Living conditions in two wards that comprise DJ Halli in East Bangalore are testament to the city’s skewed development
The public and political discourse around the death of a five-year-old malnourished child in July last year had appeared to, at last, shine the spotlight on the dark and poor living conditions in Devarjeevanahalli, a densely-populated low-income pocket of east Bangalore that is stark testament to the IT Capital’s skewed development story.
But, five months later, not only is change elusive but also appears entirely off the radar. Since Meghala’s death two more deaths have been recorded here among children identified as ‘severely and acutely malnourished’ (SAM) — Tharun (4) in October and Jennifer (6) in December — apart from one more who died in an accident. The two children died even as their families, government health ‘link’ workers testify, struggled to access health care and lived entirely outside the State’s welfare net.
This despite the fact that promises were made, on paper and by the government in the State legislature, that all children identified as SAM would be at least given a BPL (below poverty line) card to enable them to access subsidised fuel and rations, under the Congress governments’ flagship ‘Anna Bhagya’ scheme where poor families are entitled to 30 kg of rice at Rs. 1 a kg every month.
Both Tharun and Jennifer had mental disabilities, however, neither received a disability pension (an allowance of Rs. 1,200/600 given depending on extent of disability) nor did their families have BPL cards. Records with PHC workers show that despite being very sick both families had no help from the state healthcare system, apart from being repeatedly referred by the local Primary Health Centre (PHC) to NIMHANS and another government facility. But, as Asha, the health department worker who visited them says, the families were in no position to afford the hefty auto rickshaw fares to travel frequently to these hospitals.
All Tharun, Jennifer and Meghala — like scores of SAM children in the area — got from the State was a small portion of weekly ration, four eggs and two glasses of milk from the anganwadi. These deaths indicate that Meghala’s death, which unlike the others received media attention, was no case in isolation. Like her mother Murugamma (37) — who has since received an AAY card and became eligible for disability pension 30 whole years after a fever claimed her eyesight — thousands of working poor here live with no access to a majority of state benefits/welfare schemes.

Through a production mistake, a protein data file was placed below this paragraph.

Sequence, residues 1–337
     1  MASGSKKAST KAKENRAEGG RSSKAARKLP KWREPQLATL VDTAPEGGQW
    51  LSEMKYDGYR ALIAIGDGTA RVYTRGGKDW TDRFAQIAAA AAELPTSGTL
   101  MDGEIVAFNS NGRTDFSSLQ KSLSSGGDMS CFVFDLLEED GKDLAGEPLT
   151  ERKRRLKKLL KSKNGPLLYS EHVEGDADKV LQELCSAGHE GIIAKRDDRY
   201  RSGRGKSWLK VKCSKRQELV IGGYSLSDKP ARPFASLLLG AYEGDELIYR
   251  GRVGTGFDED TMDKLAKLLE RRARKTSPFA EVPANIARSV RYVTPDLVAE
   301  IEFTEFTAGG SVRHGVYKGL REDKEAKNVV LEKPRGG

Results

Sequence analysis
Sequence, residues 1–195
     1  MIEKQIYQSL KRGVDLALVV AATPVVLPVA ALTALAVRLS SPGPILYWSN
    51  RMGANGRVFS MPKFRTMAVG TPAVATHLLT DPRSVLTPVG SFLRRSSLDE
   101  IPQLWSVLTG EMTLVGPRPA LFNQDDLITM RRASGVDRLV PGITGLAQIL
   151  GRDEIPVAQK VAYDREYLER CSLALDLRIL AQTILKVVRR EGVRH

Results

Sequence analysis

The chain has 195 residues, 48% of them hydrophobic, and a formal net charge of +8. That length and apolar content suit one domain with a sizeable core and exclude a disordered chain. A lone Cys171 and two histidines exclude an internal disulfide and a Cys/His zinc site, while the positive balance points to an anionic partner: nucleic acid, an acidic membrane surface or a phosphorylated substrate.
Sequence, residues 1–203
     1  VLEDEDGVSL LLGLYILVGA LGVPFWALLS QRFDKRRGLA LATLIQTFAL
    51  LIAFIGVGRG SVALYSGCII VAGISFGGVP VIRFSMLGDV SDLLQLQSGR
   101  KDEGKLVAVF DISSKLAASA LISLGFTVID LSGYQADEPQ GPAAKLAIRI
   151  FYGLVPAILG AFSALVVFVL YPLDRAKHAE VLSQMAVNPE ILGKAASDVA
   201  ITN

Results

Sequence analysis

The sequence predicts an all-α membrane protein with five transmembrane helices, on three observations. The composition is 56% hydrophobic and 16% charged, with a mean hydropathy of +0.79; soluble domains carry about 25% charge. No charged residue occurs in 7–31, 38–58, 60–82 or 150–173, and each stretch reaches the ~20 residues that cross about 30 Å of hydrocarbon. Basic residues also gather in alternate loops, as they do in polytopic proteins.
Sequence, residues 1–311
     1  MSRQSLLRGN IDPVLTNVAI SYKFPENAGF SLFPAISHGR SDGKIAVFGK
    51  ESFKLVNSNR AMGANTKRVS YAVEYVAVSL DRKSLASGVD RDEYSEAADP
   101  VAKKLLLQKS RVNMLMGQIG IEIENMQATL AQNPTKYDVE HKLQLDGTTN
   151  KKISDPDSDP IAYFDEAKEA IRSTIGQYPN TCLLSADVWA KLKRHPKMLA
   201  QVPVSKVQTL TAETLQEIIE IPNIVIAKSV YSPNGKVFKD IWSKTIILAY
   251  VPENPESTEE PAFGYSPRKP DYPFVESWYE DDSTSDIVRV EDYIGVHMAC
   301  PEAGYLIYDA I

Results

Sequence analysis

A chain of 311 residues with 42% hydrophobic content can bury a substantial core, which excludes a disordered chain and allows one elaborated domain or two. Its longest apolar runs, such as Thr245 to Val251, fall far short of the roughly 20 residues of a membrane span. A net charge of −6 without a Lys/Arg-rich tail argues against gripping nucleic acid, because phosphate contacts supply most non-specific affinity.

Below district average
In fact, at last count, government records show that 77 children have been identified as SAM here, out of which at least 50 households do not have BPL cards. These households are thus unable to access their entitlements in food, fuel or healthcare subsidies. The two wards — DJ Halli and Muneswaranagar — with a population of 77,707 have 2,610 children below the age of six. In all, Bangalore Urban district has 1,550 ‘severely underweight’ accounting for 1.4 per cent of children under 6, and 18,339 falling under the ‘moderately underweight’ category. Given that according to records the percentage of SAM children in the DJ Halli area stands at 2.95 per cent, well above the district average, officials concede that this is a “problem area with conditions worse than elsewhere”. However, the BBMP Health official concedes that most “special measures” have failed to reach the needy and have so far remained on paper.
Take for instance, 35-year-old Rajeshri, a single mother of four boys and two girls, living in a cramped one-room tenement in Srinivasapura. Her youngest Shivaranjani has been identified as SAM – at five years, she is a mere 9 kilograms, too short for her age and lags several developmental milestones, her anganwadi in-charge says. Though Rajeshri has applied repeatedly for a BPL card, she has been turned away for not having proper residence proof.
Rajeshri works four times a week as a cleaner with an event caterer and is paid Rs. 100 for 8 hours of “back-breaking work”. She barely manages to pay rent – her landlord won’t give her stamped residence proof unless she pays a hefty advance. When asked how she makes ends meet, she replies: “It sounds horrible when I say it, but we eat once a day. I ensure the children go to school/anganwadi so they at least get lunch there.” She says she dreads weekends and holidays as she can’t afford to feed them two full meals, but of late, her 14 and 13 year-old sons have started finding odd jobs, which help supplement income. No government official has ever visited her or offered any support, three years after her youngest was identified as SAM; instead, she’s been spurned away at each stage. “Anyone can see that I’m barely getting by; yet they keep asking me for all sorts of documents to prove my poverty,” she says.
In Shivaranjani’s locality Srinivaspura, a majority of the SAM children do not have BPL cards. Also enrolled in her anganwadi is Bibi Khadeeja (1.8 years and all of 6.3 kgs). While her visually challenged father sells pens on the footpath nearby, her mother, who suffers from mental illness, stays at home. Neither parent gets disability pension. Khadeeja’s 55-year-old grandmother, who works as domestic help to run her daughter’s family, says their application was rejected last year, when the government, in an attempt to crack down on bogus cards was ‘weeding out’ hundreds of beneficiaries across the State. “When they were cutting everyone’s name from the list, we got the message that there’s no point applying,” her grandmother says. Their BPL applications have been pending for a few years now.